An academic paper in the journal Earth System Dynamics estimated such industrial processes could cost up to $535 trillion this century and “also have large risks and uncertain feasibility”.
“Continued high fossil fuel emissions unarguably sentences young people to either a massive, implausible clean-up or growing deleterious climate impacts or both,” said the paper.

“We conclude that the world has already overshot appropriate targets for greenhouse gas amount and global temperature, and we thus infer an urgent need for rapid phasedown of fossil fuel emissions [and] actions that draw down atmospheric carbon dioxide.
“These tasks are formidable and … they are not being pursued globally.”
Cuts to emissions of greenhouse gases such as methane, nitrous oxide and ozone would also be required.
The study is to be used as part of a ground-breaking lawsuit brought against the US Government by 21 children in which the plaintiffs claim their constitutional right to have a health climate in which to live in is being violated by federal policies.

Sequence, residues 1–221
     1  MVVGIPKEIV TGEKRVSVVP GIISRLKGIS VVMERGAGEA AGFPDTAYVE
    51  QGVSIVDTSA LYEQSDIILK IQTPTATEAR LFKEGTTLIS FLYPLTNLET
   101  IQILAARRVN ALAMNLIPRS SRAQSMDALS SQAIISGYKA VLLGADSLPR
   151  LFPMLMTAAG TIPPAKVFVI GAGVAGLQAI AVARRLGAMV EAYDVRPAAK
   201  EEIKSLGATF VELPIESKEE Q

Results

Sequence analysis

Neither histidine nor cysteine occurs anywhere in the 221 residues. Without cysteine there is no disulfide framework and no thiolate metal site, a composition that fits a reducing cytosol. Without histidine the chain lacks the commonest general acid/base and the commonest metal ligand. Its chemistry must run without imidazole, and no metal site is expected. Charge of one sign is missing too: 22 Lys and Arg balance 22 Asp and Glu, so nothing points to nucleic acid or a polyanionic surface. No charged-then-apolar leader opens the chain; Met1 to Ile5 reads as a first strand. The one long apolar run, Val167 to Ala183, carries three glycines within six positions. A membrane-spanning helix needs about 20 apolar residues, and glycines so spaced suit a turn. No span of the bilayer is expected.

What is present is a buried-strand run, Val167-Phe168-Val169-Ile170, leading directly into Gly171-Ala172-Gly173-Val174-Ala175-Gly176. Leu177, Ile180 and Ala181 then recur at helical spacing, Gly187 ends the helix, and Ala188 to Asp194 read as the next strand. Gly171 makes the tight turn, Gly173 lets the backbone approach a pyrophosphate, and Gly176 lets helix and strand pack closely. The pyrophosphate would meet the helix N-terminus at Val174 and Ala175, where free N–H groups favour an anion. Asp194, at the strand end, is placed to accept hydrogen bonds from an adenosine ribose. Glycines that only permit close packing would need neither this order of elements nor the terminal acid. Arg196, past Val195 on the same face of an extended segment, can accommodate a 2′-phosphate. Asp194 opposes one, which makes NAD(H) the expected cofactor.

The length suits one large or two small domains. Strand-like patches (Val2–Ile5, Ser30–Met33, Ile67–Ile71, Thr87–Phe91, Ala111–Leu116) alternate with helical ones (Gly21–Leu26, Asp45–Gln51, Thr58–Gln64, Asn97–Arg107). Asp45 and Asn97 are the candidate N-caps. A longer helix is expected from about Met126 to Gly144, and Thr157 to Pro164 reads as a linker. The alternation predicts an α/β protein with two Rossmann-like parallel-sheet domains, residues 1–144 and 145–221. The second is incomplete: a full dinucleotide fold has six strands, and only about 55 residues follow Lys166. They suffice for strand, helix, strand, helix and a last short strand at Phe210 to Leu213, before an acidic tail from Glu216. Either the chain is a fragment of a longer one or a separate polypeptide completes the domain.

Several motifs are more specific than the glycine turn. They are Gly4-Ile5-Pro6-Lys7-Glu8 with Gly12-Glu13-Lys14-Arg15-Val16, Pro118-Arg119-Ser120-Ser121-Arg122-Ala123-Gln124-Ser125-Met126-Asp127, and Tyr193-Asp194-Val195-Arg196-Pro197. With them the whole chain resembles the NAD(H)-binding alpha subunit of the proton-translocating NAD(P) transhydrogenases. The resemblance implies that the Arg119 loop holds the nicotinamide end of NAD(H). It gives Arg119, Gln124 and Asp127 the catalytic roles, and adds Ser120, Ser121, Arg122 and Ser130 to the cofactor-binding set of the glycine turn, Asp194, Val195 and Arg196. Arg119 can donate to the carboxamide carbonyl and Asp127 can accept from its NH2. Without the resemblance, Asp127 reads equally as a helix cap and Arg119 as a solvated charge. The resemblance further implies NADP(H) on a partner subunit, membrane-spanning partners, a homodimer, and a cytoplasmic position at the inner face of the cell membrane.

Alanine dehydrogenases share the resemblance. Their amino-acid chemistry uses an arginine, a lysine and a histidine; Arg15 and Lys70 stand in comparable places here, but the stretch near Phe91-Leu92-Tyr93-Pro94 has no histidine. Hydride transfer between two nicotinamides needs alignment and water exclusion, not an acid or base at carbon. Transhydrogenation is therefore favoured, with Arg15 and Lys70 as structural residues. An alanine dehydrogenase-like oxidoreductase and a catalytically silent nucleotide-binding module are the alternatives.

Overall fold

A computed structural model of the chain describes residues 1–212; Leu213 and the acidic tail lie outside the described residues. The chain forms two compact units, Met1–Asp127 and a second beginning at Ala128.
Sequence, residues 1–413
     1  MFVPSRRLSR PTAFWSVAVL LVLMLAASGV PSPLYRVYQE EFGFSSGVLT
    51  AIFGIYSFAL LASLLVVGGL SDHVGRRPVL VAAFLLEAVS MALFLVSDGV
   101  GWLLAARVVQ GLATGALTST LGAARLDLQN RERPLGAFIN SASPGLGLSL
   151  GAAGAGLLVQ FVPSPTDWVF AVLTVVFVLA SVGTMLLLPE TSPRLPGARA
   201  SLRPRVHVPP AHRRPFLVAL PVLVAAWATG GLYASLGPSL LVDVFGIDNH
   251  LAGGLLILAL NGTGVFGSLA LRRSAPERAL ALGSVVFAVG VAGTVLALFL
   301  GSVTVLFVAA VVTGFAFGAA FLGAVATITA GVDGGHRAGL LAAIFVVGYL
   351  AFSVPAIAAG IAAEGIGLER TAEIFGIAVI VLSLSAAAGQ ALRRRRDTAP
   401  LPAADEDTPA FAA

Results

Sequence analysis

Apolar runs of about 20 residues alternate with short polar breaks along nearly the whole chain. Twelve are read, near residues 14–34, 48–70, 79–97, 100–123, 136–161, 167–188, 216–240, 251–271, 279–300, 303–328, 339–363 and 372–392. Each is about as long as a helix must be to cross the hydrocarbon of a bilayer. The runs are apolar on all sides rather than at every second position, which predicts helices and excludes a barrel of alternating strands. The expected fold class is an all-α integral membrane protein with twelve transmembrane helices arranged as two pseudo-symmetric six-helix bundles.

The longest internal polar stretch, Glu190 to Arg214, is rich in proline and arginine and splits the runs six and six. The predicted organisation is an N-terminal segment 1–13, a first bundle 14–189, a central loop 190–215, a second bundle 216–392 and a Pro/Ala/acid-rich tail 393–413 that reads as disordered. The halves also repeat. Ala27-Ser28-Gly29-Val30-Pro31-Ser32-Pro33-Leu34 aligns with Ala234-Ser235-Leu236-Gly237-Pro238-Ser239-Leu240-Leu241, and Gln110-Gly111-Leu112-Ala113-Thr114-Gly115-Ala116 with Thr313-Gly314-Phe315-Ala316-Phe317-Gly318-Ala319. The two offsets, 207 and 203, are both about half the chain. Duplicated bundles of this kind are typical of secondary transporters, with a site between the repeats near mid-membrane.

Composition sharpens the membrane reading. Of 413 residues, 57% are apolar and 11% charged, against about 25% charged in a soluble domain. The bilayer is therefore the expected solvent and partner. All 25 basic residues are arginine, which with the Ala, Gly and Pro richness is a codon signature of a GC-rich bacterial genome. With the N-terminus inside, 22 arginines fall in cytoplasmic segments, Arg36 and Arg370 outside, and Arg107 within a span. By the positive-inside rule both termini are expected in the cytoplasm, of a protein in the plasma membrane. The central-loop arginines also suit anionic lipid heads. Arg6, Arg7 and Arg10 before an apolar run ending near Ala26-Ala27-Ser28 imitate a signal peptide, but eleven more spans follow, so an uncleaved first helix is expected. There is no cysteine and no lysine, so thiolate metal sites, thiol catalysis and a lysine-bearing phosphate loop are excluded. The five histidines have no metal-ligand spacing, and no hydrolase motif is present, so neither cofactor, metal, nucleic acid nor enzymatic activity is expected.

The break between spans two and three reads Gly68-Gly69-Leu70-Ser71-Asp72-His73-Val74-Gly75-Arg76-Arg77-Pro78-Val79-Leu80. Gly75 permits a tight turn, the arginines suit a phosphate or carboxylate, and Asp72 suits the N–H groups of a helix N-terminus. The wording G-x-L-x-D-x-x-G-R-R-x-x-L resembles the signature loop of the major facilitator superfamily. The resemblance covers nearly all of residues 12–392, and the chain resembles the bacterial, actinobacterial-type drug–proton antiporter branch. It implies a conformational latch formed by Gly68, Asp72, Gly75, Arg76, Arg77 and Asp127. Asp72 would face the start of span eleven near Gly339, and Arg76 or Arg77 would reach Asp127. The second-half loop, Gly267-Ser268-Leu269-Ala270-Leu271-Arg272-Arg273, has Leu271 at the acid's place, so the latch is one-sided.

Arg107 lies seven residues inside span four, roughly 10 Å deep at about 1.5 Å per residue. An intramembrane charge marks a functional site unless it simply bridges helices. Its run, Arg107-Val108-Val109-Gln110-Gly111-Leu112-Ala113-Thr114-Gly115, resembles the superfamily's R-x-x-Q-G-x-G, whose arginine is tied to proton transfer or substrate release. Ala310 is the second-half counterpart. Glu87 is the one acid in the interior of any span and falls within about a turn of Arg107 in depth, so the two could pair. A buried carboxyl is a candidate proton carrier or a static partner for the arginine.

If the case succeeds, environmentalists believe it could force the Trump administration to reduce greenhouse gases and take other measures to prevent global warming.
The paper pointed out that the last time temperatures were this high, during the Eemian period, global sea levels were about six to nine metres higher than they are today, suggesting significant rises are still to occur.
The paper said that the Paris Agreement, the tumbling price of renewable energy and the recent slowdown in the increase of fossil fuel emissions had led to a sense of optimism around the world.
But, speaking to The Independent, Professor Hansen said he believed this optimism was misplaced.
“The narrative that’s out there now … is that we’ve turned the corner,” he said.
“On the contrary, what we show is the rate of growth of climate forcing caused by increased methane [and other gases] is actually accelerating.

That’s why it’s urgent.”
Asked to assess the world’s current progress in fighting climate change, he said the “s*** is hitting the fan”.
Professor Hansen, now a scientist at the Columbia University Earth Institute in the US, said he believed the court case had a chance of winning.